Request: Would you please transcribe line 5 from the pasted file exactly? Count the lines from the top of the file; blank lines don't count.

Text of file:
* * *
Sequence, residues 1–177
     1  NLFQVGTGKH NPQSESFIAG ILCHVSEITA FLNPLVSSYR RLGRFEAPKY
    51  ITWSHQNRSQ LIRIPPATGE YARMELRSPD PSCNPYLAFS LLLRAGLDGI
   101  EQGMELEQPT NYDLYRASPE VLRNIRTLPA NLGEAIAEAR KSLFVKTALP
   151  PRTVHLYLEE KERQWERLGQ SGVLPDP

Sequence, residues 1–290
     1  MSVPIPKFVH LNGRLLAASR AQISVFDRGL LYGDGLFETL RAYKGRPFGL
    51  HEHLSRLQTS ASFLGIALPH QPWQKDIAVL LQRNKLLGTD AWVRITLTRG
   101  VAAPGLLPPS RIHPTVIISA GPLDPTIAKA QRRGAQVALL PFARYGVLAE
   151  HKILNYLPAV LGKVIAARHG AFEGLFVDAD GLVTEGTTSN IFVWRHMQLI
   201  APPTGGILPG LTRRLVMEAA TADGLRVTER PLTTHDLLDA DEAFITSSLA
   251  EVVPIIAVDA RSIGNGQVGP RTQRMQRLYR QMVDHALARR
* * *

   151  PRTVHLYLEE KERQWERLGQ SGVLPDP